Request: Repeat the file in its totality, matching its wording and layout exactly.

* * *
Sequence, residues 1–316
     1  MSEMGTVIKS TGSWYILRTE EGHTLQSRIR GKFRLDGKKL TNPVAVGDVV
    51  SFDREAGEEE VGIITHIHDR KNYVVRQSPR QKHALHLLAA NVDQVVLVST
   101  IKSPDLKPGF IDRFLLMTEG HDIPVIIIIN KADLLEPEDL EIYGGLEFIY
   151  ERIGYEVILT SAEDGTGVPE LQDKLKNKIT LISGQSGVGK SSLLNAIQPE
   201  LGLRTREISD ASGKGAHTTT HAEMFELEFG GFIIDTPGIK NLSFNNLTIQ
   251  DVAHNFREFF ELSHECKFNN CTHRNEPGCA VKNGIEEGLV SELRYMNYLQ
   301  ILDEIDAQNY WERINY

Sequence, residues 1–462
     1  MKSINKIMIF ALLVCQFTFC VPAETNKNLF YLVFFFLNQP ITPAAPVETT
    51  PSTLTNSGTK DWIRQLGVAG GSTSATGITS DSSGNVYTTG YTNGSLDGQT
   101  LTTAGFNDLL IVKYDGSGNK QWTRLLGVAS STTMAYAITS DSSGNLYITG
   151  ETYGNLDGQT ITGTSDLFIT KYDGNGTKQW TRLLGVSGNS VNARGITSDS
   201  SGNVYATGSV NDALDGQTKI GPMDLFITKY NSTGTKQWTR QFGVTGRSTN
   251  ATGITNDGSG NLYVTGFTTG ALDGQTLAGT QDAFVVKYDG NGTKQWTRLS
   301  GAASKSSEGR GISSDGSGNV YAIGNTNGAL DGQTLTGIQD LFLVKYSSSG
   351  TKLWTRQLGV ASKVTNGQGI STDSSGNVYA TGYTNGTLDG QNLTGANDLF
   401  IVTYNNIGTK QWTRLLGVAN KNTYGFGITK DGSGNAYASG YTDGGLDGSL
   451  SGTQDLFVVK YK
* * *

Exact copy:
Sequence, residues 1–316
     1  MSEMGTVIKS TGSWYILRTE EGHTLQSRIR GKFRLDGKKL TNPVAVGDVV
    51  SFDREAGEEE VGIITHIHDR KNYVVRQSPR QKHALHLLAA NVDQVVLVST
   101  IKSPDLKPGF IDRFLLMTEG HDIPVIIIIN KADLLEPEDL EIYGGLEFIY
   151  ERIGYEVILT SAEDGTGVPE LQDKLKNKIT LISGQSGVGK SSLLNAIQPE
   201  LGLRTREISD ASGKGAHTTT HAEMFELEFG GFIIDTPGIK NLSFNNLTIQ
   251  DVAHNFREFF ELSHECKFNN CTHRNEPGCA VKNGIEEGLV SELRYMNYLQ
   301  ILDEIDAQNY WERINY

Sequence, residues 1–462
     1  MKSINKIMIF ALLVCQFTFC VPAETNKNLF YLVFFFLNQP ITPAAPVETT
    51  PSTLTNSGTK DWIRQLGVAG GSTSATGITS DSSGNVYTTG YTNGSLDGQT
   101  LTTAGFNDLL IVKYDGSGNK QWTRLLGVAS STTMAYAITS DSSGNLYITG
   151  ETYGNLDGQT ITGTSDLFIT KYDGNGTKQW TRLLGVSGNS VNARGITSDS
   201  SGNVYATGSV NDALDGQTKI GPMDLFITKY NSTGTKQWTR QFGVTGRSTN
   251  ATGITNDGSG NLYVTGFTTG ALDGQTLAGT QDAFVVKYDG NGTKQWTRLS
   301  GAASKSSEGR GISSDGSGNV YAIGNTNGAL DGQTLTGIQD LFLVKYSSSG
   351  TKLWTRQLGV ASKVTNGQGI STDSSGNVYA TGYTNGTLDG QNLTGANDLF
   401  IVTYNNIGTK QWTRLLGVAN KNTYGFGITK DGSGNAYASG YTDGGLDGSL
   451  SGTQDLFVVK YK